Flight, Fight or Freeze Reaction
From meetings with a frustrated boss to walks along a dark street, contemporary life is filled with stressful situations. Equipped with a response system fashioned by primitive ancestors, modern humans react in three general ways when physical and emotional threats are near: Flight, Fight, or Freeze.
Whether we choose flight, fight, or freeze depends on a number of variables. Violent and traumatic episodes early in life, along with birth order, influence what an individual selects and ultimately relies on when encountering, and even anticipating, an uncomfortable experience. For some individuals, their responses are so extreme that they are unable to fully function in social and/or work environments.
The field of psychotherapy seeks to understand a person’s predisposition to fight, fight, or freeze by assessing the individual’s experiences growing up and their adult emotional state. Within psychotherapy, the three reactions are generally understood in the following ways (though the three often blend):
Response characteristics include restless legs, feet /numbness in legs, anxious and shallow breathing, and a noticeable fidgety-ness.
Individuals who respond with flight have an unconscious belief that the relentless pursuit of personal perfection will guarantee their safety. As children, they managed trauma within their homes by being either a high-performing “A” student or an at-risk drop out. They relentlessly flee the inner pain of their abandonment and lack of attachment by being constantly busy. Flight types are prone to becoming addicted to their own rush of doing something all of the time, often finding comfort when fleeing into work. They may engage in risky and dangerous activities to keep their adrenalin-high going, and those with severe trauma may succumb to extreme anxiety and panic disorders.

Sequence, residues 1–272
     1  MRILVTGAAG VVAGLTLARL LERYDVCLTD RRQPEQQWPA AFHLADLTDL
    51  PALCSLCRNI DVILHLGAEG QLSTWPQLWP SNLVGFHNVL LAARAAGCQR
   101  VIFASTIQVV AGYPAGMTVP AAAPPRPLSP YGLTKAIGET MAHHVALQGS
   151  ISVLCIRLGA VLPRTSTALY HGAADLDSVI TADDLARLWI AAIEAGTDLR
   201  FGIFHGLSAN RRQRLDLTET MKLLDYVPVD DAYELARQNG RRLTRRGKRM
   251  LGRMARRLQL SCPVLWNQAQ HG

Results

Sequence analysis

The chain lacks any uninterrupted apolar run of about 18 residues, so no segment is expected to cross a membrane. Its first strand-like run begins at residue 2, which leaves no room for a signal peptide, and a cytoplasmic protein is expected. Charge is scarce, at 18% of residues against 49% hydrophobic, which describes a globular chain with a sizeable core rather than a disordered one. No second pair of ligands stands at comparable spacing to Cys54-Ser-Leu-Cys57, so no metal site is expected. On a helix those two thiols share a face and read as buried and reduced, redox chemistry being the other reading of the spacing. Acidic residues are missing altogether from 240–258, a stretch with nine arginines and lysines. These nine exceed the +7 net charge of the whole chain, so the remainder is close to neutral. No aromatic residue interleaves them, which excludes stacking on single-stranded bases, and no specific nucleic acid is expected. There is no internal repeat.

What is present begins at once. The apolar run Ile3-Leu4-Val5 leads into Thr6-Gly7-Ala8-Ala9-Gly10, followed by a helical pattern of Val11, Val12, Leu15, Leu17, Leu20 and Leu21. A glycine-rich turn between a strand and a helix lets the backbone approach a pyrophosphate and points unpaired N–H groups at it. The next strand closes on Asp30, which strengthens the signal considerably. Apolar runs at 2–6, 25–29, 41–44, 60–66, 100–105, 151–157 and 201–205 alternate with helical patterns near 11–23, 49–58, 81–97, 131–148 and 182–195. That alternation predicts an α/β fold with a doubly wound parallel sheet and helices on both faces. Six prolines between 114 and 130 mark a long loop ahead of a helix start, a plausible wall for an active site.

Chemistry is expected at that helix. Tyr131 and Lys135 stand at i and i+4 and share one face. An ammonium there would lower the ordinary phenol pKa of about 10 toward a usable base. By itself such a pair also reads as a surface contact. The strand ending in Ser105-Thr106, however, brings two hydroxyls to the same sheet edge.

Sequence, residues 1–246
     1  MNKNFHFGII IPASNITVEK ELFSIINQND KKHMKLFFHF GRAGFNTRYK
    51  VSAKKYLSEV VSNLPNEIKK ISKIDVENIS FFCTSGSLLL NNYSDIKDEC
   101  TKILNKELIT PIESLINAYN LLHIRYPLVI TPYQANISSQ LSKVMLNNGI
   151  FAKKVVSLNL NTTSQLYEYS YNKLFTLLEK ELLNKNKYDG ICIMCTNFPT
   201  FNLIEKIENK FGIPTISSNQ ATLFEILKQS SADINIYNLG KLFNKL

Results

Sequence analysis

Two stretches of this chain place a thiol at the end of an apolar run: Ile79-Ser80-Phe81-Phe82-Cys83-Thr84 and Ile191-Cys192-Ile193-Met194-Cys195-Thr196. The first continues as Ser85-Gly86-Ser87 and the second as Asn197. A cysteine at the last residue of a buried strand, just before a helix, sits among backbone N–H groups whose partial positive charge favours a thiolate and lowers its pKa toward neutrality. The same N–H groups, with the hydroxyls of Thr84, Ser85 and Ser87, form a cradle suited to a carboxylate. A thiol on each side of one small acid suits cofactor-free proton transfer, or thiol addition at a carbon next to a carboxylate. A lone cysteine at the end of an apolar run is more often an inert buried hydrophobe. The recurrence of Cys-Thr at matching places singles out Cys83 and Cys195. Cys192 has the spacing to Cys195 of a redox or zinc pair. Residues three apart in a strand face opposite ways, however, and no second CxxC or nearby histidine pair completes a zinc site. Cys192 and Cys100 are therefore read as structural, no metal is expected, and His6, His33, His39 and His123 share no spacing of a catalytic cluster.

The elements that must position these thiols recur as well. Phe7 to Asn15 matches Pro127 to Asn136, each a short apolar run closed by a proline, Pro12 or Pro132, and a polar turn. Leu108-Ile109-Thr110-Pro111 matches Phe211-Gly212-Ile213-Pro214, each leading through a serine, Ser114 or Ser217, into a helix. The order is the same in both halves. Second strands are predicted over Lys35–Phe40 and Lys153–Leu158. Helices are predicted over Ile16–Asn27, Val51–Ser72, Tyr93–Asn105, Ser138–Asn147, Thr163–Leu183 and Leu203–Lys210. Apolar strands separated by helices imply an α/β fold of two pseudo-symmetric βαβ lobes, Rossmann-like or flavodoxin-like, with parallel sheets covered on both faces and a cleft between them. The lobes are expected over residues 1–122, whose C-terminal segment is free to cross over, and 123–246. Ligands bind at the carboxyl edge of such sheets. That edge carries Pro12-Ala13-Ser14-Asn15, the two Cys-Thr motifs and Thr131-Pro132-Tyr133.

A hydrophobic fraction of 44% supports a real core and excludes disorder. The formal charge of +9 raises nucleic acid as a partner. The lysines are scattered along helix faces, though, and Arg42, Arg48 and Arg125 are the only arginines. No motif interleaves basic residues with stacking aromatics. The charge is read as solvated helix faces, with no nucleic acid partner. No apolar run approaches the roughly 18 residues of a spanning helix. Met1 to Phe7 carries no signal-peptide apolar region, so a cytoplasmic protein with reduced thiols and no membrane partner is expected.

Response characteristics include crying, tight or flexed jaw, and feelings of anger or rage.
Fight types believe that personal power and control create their safety and assures them affection. Adults who grew up as spoiled children or modeled a bullying parent are likely candidates for responding to stress with rage; forcing others to imitate their anger is also a component of their fight response. They put others, such as spouses or children, in the role of an audience forced to listen to their grievances or even into a dominant-submissive relationship, especially if the individual is a freeze type (more below). Severe fight types may become sociopathic, as personified by a corrupt politician and violent criminal.
Response characteristics include holding or restricting breath, sense of stiffness, and a pounding heart.
Safety lies in solitude. That’s the core belief for individuals who choose to freeze when a perceived or real threat is close. Hiding from human contact as much as possible, this type disconnects from experiencing any abandonment pain and focuses on daydreaming, video gaming, and other activities that allow them to tune out any challenging experiences. Individuals with severe trauma and how chose the flee response may completely detach from reality.
An individual whose flight, fight, or freeze responses prevent them from fully engaging in normal social activities and professional environments can seek assistance from a registered psychotherapist.
Assessment and on-going treatment are part of the path towards recovery.